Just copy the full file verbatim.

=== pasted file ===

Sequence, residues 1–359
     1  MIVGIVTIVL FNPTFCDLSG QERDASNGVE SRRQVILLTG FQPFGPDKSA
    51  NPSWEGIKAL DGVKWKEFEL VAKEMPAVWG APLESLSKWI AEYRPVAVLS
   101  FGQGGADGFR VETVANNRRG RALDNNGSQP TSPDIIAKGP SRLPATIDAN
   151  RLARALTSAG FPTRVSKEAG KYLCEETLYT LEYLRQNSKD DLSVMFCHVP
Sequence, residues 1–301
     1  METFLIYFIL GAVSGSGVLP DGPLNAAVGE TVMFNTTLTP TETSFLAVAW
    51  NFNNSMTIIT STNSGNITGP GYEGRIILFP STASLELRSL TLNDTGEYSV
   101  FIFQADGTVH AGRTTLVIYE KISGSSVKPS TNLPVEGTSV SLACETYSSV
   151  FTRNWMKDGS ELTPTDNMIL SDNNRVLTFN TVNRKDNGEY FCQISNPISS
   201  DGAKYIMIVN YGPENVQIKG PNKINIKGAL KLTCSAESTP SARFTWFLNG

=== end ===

Sequence, residues 1–359
     1  MIVGIVTIVL FNPTFCDLSG QERDASNGVE SRRQVILLTG FQPFGPDKSA
    51  NPSWEGIKAL DGVKWKEFEL VAKEMPAVWG APLESLSKWI AEYRPVAVLS
   101  FGQGGADGFR VETVANNRRG RALDNNGSQP TSPDIIAKGP SRLPATIDAN
   151  RLARALTSAG FPTRVSKEAG KYLCEETLYT LEYLRQNSKD DLSVMFCHVP
Sequence, residues 1–301
     1  METFLIYFIL GAVSGSGVLP DGPLNAAVGE TVMFNTTLTP TETSFLAVAW
    51  NFNNSMTIIT STNSGNITGP GYEGRIILFP STASLELRSL TLNDTGEYSV
   101  FIFQADGTVH AGRTTLVIYE KISGSSVKPS TNLPVEGTSV SLACETYSSV
   151  FTRNWMKDGS ELTPTDNMIL SDNNRVLTFN TVNRKDNGEY FCQISNPISS
   201  DGAKYIMIVN YGPENVQIKG PNKINIKGAL KLTCSAESTP SARFTWFLNG